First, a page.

The WSJ reports that the big movie studios are enlisting brick and mortar stores like Walmart to help salvage their floundering cloud service. How'd this tragedy unfold?
There can be something kind of endearing about watching Hollywood try and navigate this brave new world of digital media -- a bit like watching your aging grandparent futz with a computer.
Actually, that's not fair. My grandparents can work a computer just fine. I'm sure yours probably manage it too. Hollywood and technology? Not so much.
Case in point: UltraViolet, the new cloud service that the major film studios -- minus Disney -- have created in their attempt to halt falling DVD sales as more and more customers choose to download movies digitally or stream them from services like Netflix. The idea behind UltraViolet is refreshingly sound: consumers should be able to buy one copy of a flick and watch it anywhere, any time, and on any device by accessing it in the cloud. All they have to do is buy a DVD, go online, and type in a digital code to add it to their online library.
In turn, the studios hope that by making watching movies more convenient, it'll convince customers to go back to purchasing movies. Last year, physical DVD sales dropped by 20 percent. Digital sales, which includes streaming, were up by half.
Unfortunately, like a bad director commandeering a perfectly good script, the major studios made a hash of it when they debuted UltraViolet late last year. Now, to try and revive it's fortunes, The Wall Street Journal reports that the studios are enlisting Walmart to promote the service at its brick and mortar stores by signing up customers and helping them upload their collections.
Let's repeat that: To promote a web-based cloud service, Hollywood is turning to the customer service chops of Walmart. Something has gone awry.
Let's go through some of the missteps. When UltraViolet debuted, it only offered two movies -- "Horrible Bosses"* and "The Green Lantern." It also required customers sign up for multiple accounts, including a separate service owned by Time Warner. The process was so frustrating for some that the studios had to produce a two-minute instructional video. An instructional video. On how to sign up for an online service.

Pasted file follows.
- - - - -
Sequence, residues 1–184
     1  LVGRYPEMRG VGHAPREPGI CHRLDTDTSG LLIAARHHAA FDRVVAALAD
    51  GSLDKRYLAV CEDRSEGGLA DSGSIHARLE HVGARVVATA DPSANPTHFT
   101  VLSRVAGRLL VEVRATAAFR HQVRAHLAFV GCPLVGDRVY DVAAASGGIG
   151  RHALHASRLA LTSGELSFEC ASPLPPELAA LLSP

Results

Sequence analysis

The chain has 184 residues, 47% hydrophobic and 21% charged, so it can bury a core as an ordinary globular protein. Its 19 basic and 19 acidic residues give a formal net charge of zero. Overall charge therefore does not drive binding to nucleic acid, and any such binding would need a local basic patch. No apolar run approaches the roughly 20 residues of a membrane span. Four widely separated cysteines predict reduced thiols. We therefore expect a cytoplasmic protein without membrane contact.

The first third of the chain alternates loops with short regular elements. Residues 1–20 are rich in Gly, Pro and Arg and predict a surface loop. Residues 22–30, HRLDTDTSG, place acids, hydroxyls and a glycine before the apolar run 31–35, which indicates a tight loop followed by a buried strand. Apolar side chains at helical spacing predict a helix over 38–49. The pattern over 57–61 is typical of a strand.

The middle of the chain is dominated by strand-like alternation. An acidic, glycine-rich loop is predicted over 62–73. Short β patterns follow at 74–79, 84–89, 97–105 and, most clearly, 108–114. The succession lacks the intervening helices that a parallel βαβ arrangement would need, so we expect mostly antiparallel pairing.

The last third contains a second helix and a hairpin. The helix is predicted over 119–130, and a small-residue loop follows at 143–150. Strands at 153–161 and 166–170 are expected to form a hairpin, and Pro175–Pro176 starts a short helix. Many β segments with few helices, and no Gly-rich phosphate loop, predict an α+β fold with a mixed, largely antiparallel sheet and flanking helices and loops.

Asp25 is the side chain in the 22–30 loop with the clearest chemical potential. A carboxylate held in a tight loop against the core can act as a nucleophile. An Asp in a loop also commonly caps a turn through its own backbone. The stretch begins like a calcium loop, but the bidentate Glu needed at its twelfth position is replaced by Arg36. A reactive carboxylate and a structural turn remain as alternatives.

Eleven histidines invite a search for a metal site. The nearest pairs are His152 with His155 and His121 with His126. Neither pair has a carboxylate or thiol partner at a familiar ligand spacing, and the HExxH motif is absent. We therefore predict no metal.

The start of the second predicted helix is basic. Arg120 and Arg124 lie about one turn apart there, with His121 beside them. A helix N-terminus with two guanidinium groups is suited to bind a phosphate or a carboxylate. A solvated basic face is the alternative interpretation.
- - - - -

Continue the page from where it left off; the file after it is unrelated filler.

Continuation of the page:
Meanwhile, those who've managed to get signed up have complained about the difficulty of using the service on different devices -- which, of course, is its entire raison d'etre.
According to the WSJ, the studios are now working on a system that will work using a single account. And by the end of the year, all new films will be UltraViolet compatible (So far, fewer than 100 have been added). Meanwhile, they're hoping that Walmart's physical marketing muscle will encourage consumers to join the service, in part by having employees literally guide them through the signup process.
To the studios' credit, one could interpret this deal as a sign that they're serious about creating a comprehensive system of digital content delivery, serious enough that they're willing to enlist help. But no new media service should require a sherpa just to get you started. User experience counts, especially when you haven't offered up much great content. (A Ryan Reynolds movie certainly doesn't count).
Of course, the content will eventually be there. If a startup made these kinds of early unforced errors, it would be dead on arrival. But of course, the movie studios aren't startups. UltraViolet might work out in the end based on the power of the studios' catalogues. But that won't be a tribute to any sign that they've come around to understanding the web. That'll just be the power of brawn over brains.
*An earlier version of this story incorrectly referred to the movie as "Terrible Bosses." While perhaps an apt adjective for the film, the word terrible was not in the title.
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